The history of Dallas based Valley House Gallery, the oldest continuously operating modern art gallery in Texas, and the development of the art scene in Fort Worth have been linked since the 1940’s.  If it were not for Fort Worth’s vibrant contemporary art scene, Valley House Gallery might never have been built, and its current owner, Kevin Vogel, might not have been born.  As a thank you to the citizens of Fort Worth, Valley House is pleased to present an exhibition of contemporary art to celebrate an association that has lasted over 60 years. 

When artist Donald S. Vogel arrived in Dallas in 1942 from Chicago, he wanted to live in a community with a growing art scene to which he could contribute.  He found the Dallas art world steeped in a regionalist movement that he found “unforgiving and depressing”.  He quickly made friends with many of the Fort Worth artists who he found to be open to new ideas and international in their philosophical approach.  He spent free time in Fort Worth getting to know these artists.  It was at a party at the home of Fort Worth artists Dixon and Flora Reeder that he met Margaret Mayer, the daughter of Roland G. Mayer, then Plant Manager at Convair.  They were eventually married and decided to make Dallas their home, but their associations with Fort Worth never ended.

Donald Vogel became the director of Dallas’ Betty McLean Gallery in 1951, which was considered the first modern art gallery in Texas.  Because of Vogel’s respect for the artists of Fort Worth, he highlighted four of them with one-person shows and included many of them in two group exhibitions over the three year life of the gallery

. In 1954, the Fort Worth Art Center opened in the building that now houses the Fort Worth Community Art Center.  This same year, Donald and Margaret Vogel officially opened Valley House Gallery in rural far North Dallas.  Initially the gallery was located in their home and in Donald’s studio on a 4.2 acre heavily wooded lot on a dead end county road.  In 1957 the current gallery was opened and in 1959 the sculpture garden was created.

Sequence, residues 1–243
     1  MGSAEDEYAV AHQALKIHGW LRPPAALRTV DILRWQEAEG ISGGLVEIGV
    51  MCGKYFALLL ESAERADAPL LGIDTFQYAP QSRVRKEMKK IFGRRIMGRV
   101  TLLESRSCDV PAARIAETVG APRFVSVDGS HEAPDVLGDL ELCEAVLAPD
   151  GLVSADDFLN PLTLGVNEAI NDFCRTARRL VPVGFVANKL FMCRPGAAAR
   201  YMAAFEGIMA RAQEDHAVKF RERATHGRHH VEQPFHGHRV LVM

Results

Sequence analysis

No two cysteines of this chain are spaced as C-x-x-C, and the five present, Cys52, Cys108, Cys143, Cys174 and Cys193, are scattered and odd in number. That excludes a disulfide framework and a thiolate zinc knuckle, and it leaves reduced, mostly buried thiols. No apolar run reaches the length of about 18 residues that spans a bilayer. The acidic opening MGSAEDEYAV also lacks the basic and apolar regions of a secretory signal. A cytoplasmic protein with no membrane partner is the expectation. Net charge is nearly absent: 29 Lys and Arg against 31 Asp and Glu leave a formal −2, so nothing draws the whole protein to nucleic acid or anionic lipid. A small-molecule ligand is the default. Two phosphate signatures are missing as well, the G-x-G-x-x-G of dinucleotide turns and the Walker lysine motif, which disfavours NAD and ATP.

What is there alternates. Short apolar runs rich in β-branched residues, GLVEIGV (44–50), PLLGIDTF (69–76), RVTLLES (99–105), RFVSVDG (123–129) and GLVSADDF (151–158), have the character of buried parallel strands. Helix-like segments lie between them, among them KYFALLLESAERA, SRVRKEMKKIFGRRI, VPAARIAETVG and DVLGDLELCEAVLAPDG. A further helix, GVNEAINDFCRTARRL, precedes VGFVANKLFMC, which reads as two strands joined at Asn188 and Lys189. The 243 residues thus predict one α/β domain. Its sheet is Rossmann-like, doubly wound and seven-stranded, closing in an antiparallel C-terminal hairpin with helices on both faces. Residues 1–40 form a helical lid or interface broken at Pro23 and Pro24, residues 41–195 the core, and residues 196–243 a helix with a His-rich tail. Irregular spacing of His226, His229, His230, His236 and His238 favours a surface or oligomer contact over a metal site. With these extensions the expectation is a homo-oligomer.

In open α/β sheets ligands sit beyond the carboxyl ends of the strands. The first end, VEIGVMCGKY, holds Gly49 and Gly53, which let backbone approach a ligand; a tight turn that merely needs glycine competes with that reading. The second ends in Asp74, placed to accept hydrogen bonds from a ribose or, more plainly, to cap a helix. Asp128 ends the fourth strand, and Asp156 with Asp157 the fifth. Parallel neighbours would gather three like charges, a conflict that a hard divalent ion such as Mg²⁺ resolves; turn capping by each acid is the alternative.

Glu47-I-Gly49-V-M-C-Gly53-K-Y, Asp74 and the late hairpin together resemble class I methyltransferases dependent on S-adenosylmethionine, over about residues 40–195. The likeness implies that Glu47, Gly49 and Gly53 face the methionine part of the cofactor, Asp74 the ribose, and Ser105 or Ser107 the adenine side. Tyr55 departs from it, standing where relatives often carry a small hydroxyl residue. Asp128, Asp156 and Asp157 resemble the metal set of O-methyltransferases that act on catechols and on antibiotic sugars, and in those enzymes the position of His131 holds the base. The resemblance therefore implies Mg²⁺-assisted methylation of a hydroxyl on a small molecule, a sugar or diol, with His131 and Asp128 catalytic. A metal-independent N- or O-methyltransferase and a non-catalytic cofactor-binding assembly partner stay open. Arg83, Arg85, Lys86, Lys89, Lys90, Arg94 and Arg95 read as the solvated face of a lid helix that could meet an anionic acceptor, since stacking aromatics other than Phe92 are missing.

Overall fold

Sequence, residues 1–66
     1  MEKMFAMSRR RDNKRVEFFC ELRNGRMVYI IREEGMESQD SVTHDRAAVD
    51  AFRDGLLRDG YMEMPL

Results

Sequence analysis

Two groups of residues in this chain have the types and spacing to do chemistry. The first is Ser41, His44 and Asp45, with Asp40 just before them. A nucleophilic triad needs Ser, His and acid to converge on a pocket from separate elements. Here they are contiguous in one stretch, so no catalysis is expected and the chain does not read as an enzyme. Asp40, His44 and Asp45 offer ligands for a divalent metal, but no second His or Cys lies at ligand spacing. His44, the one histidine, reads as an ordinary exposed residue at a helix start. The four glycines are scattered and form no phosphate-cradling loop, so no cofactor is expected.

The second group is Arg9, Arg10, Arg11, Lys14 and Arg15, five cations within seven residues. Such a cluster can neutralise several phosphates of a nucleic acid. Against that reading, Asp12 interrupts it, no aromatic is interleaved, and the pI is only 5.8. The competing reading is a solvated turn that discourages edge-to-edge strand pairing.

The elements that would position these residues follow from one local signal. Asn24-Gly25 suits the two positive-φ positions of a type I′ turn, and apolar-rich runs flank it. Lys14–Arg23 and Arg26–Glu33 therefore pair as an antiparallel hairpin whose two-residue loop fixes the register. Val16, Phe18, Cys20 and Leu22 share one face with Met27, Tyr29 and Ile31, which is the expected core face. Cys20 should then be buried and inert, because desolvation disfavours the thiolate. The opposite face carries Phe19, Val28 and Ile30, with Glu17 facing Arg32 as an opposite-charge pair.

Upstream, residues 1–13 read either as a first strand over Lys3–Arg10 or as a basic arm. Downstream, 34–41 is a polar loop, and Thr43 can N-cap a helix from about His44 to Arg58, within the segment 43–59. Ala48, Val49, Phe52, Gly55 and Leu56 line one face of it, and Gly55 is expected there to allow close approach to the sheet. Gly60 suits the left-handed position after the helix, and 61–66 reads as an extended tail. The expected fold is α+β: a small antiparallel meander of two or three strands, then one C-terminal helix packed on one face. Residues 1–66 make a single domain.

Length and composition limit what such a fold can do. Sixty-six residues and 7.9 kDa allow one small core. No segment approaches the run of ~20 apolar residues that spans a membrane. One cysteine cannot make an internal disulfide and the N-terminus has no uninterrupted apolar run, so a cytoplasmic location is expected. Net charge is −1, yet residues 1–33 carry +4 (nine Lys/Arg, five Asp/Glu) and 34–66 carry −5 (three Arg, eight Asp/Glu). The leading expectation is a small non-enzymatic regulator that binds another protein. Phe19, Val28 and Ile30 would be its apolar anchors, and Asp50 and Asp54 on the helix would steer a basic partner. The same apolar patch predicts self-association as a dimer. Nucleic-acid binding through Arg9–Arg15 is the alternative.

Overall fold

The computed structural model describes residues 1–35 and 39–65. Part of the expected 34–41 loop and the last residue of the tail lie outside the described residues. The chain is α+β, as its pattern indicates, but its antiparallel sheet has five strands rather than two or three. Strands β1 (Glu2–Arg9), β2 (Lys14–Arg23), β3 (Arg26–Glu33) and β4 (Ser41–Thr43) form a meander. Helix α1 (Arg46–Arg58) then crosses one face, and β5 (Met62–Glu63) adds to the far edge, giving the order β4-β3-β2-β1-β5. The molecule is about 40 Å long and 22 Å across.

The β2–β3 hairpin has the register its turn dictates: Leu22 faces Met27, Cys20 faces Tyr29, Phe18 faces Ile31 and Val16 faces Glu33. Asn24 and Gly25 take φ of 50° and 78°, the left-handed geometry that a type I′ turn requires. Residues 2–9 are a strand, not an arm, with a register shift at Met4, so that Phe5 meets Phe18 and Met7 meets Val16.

Over the next 30 years, the Vogels’ associations with Fort Worth included two exhibitions and accompanying catalogues of the dry brush watercolors of Scott Gentling.  Vogel arranged a traveling exhibition of the paintings by Clara McDonald Williamson at the Amon Carter Museum and wrote the exhibition catalogue with his wife.  A traveling exhibition and catalogue of Velox Ward’s paintings followed at The Carter soon after.  Vogel also arranged for one person exhibitions at The Fort Worth Art Center for artists Thomas Duncan Benrimo and Claude Venard.   

Since Donald and Margaret Vogel’s second son Kevin and his wife Cheryl took over in the early 1980’s, the gallery represents a new generation of Fort Worth artists.  The gallery continues to work on projects related to the interests of the Amon Carter Museum and the early Fort Worth artists. To show our appreciation for Fort Worth, Valley House Gallery & Sculpture Garden is pleased to present an exhibition of works by our contemporary artists.  Fort Worth artists Ron Cheek, Cindi Holt, Sedrick Huckaby, and Jim Woodson will be included in this survey of the American and international artists that the gallery represents.  We invite you to share our excitement at being able bring this exhibition to Fort Worth.

 

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